Given that the left side is level front-to-back, the only way a flat plate can appear non-flat is if the X and Y axis rods aren’t quite parallel: the stage rolls or yaws as it moves.

That could indicate a bent rod, but the last time I rolled those rods on a surface plate, they’re perfectly straight. Maybe something horrible has happened, but any stress capable of bending one of those rods will wreck the printer in passing.

Alas, a static platform adjustment can’t fix a dynamic motion, but tweaking the rods to be (more) parallel could reduce the problem. I tried visualizing the possible causes and cures, then decided to stop thinking so much, just change something, then measure the results.

Why my head exploded:

  • The thickness varies from front-to-back, so the Y axis rods are non-parallel, which should affect both the left and right sides. But the left side is perfectly level and the right side is not.
  • The thickness varies from left-to-right, so the X axis rods are non-parallel, which should affect both the front and back sides. But they vary oppositely: the front tilts down to the right and the back tilts up to the right. The midline from left to right, however, is level to within my ability to measure it.

I had shimmed the rear X axis rod quite some time ago, so I decided to try a simple adjustment: move the shim from top to bottom. The picture shows the 0.4 mm shim in its original location at the top of the rod; the edge is barely visible. For lack of anything smarter, I moved the shim to the bottom of the rod to push the end upward.

Shazam! The results of a test extrusion in units of 0.01 mm:

39 35
40 35 40
33 36

[Update: Typo in the rear-left was 49, should be 39. Drat!]

Which says it’s give-or-take 0.05 mm around the middle, with the rear-left corner now a tad low; bear in mind that 0.05 mm is about the limit of my measurement ability. It’s off to a good start, anyway, and we’ll see how it fares over the next few weeks.

Methinks if you’re serious about this 3D printing thing, you need a printer with real axis alignment adjustments and enough stability to make them meaningful. Nophead uses custom code that tweaks the G-Code’s Z-axis coordinates on the fly based on an initial three-point probe, which is a wonderful solution that’s not in the cards for RepG. EMC2 could incorporate that in the kinematics module, but at the moment it does just XY leadscrew mapping. It’s simpler, albeit more expensive on a per-machine basis, to get the mechanical alignment right the first time.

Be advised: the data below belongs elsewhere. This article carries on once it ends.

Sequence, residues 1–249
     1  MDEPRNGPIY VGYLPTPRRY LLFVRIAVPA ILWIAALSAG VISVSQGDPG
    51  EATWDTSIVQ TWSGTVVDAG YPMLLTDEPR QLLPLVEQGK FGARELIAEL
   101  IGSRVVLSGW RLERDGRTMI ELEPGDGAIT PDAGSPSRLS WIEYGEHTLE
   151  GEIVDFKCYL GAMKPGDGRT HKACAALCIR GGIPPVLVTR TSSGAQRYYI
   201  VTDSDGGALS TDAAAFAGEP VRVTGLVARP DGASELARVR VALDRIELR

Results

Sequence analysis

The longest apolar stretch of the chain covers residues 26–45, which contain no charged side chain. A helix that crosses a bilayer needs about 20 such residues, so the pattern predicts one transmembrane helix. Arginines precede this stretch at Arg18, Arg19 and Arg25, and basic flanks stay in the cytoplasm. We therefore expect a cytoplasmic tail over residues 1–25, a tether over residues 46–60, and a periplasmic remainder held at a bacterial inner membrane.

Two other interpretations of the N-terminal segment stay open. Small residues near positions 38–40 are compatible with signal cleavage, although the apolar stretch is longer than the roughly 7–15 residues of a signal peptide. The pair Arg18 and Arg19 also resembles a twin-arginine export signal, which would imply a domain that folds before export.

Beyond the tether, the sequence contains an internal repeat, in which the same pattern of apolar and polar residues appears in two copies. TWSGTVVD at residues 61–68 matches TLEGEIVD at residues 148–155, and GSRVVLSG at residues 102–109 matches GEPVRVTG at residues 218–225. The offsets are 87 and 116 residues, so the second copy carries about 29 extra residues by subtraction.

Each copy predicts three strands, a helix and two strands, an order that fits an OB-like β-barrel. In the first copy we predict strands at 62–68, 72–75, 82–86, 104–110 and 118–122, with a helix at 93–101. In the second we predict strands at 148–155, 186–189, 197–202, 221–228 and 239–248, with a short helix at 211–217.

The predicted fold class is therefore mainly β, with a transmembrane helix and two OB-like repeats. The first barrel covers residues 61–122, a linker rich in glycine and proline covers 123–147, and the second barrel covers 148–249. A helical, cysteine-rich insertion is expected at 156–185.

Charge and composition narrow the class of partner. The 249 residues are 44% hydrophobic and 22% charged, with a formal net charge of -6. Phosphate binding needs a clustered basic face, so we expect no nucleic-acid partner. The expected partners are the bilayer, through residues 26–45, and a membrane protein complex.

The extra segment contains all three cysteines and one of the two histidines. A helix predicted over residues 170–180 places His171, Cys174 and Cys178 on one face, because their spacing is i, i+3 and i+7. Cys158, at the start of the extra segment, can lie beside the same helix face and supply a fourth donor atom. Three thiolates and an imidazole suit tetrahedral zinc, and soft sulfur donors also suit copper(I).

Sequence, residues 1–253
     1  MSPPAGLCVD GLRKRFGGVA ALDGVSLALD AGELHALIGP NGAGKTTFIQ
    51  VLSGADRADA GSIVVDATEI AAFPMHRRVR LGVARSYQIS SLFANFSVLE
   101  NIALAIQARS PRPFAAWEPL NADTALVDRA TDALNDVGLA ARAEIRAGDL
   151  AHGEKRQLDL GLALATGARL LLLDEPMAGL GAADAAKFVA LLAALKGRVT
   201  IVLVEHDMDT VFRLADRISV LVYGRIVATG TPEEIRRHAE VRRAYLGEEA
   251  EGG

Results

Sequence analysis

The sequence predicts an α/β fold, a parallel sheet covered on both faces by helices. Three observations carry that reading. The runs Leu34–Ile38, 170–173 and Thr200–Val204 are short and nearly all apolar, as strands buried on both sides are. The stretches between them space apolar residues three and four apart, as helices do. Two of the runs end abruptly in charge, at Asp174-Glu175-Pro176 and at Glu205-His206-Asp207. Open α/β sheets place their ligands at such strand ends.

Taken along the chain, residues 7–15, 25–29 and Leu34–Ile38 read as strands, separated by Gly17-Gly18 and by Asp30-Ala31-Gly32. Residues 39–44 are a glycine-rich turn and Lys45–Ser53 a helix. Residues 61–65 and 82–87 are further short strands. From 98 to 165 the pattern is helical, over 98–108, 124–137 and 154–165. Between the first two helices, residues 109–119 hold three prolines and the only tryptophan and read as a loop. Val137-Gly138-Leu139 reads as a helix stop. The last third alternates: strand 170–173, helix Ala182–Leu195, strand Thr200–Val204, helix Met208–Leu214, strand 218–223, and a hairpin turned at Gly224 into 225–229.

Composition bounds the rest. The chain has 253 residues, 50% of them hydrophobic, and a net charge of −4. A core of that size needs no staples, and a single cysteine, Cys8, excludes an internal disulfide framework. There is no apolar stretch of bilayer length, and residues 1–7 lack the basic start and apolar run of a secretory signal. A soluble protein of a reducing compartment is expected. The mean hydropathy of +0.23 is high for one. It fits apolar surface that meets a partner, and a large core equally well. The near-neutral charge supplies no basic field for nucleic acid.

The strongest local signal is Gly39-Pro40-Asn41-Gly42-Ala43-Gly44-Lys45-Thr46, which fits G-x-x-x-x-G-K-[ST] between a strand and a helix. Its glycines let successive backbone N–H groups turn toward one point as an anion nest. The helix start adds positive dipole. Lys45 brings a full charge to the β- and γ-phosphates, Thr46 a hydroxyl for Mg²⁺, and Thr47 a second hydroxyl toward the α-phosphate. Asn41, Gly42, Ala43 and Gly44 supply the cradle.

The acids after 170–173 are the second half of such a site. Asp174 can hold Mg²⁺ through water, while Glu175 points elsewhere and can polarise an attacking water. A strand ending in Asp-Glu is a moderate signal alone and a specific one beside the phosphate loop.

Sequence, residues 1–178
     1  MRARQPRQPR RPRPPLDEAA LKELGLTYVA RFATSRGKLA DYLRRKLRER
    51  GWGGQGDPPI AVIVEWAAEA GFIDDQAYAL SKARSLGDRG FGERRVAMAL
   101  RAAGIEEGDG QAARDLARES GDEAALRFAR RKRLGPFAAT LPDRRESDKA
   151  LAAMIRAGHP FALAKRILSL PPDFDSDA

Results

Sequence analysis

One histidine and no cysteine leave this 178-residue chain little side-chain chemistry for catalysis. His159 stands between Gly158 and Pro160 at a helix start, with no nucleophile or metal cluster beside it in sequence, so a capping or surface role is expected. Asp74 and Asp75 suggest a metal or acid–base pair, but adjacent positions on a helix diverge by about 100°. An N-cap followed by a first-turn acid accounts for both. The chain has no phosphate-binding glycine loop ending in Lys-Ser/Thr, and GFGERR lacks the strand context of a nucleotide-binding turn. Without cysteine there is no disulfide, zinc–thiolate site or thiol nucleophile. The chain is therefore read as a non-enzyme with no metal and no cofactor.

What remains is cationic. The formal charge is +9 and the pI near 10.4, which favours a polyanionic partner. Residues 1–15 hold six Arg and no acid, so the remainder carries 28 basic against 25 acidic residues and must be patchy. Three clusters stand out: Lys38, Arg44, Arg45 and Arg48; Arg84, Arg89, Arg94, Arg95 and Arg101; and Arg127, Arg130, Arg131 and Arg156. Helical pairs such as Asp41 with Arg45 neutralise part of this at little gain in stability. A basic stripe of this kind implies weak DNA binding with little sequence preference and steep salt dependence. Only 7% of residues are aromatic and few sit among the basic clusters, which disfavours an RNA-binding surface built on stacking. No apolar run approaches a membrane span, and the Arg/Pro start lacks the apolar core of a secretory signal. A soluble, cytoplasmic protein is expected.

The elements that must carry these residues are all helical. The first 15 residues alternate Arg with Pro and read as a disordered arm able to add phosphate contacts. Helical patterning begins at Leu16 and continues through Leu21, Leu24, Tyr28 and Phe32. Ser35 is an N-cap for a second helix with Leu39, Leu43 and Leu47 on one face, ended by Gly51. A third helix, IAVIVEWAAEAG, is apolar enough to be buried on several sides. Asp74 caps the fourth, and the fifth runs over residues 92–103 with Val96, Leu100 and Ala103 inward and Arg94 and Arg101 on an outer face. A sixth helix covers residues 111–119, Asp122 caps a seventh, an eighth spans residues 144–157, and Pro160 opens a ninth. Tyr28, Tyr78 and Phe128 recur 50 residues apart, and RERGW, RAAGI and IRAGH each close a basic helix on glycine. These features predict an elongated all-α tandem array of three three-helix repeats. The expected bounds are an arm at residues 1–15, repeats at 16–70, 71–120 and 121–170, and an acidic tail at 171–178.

Ampeg B-12-XY: Recapping

Just for completeness, here’s the original underside:

Ampeg B-12-XY - Underside - old caps
Ampeg B-12-XY - Underside - old caps

And with the new caps, many from Eks’ stash and a few from mine:

Ampeg B-12-XY - Underside - new caps
Ampeg B-12-XY - Underside - new caps

With all those in place, the firebottles lit up properly, the power tube plates remained dark, and it sounded great. The edge-lit engraved acrylic panel in the middle is a wonderful custom mod!

Ampeg B-12-XY Firebottles
Ampeg B-12-XY Firebottles

It’s in mint condition, with the original footswitch and a remote Echo speaker box with a pair of drivers:

Ampeg B-12-XY - ready to rock
Ampeg B-12-XY - ready to rock

It still has those original huge electrolytics, though. Eks says the best test comes after half an hour: if the cans remain cool, the leakage and ESR will be good enough.That’s the case, so we’re rolling with them. However, the amp has some residual hum that the Hum nulling pot can’t remove, plus a bit of noise, which means those ‘lytics probably hover at the bare minimum values required to keep it going.

I discovered (inadvertently, of course) that swapping the two identical 6D10 triple triode tubes killed the Vibrato oscillator. That triode would oscillate for a few seconds after the footswitch grounded the cathode, but one tube didn’t have enough gain to keep it going. More likely than not, the feedback resistors have increased in value, too. Swapping the 6D10s restored it to operating condition.

My Shop Assistant compared her tiny DSP Fender amp with this monster and concluded that DSP effects only sound good when you don’t have the original for comparison. Of course, you could lose that tiddly amp inside the Ampeg’s speaker case.

I should’a learned to play the guitar…